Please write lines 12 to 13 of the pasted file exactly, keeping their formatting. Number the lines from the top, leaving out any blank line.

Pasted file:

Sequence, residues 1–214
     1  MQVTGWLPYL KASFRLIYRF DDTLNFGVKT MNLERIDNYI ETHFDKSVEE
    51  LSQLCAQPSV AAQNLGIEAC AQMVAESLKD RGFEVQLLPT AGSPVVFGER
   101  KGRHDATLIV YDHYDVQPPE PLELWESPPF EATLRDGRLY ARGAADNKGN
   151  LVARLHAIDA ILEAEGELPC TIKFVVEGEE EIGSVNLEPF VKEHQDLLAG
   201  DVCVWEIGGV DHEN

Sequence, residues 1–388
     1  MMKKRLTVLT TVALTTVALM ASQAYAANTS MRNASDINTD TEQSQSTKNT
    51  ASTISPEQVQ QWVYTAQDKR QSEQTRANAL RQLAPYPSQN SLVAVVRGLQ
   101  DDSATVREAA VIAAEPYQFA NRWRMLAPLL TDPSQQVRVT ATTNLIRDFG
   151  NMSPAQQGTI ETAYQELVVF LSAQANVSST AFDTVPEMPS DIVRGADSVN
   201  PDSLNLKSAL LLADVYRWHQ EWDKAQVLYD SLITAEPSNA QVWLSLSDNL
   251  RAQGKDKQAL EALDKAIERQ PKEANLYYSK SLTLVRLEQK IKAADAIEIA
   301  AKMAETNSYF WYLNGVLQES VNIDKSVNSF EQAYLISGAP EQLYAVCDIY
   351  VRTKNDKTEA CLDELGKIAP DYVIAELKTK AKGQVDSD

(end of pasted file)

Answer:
   201  PDSLNLKSAL LLADVYRWHQ EWDKAQVLYD SLITAEPSNA QVWLSLSDNL
   251  RAQGKDKQAL EALDKAIERQ PKEANLYYSK SLTLVRLEQK IKAADAIEIA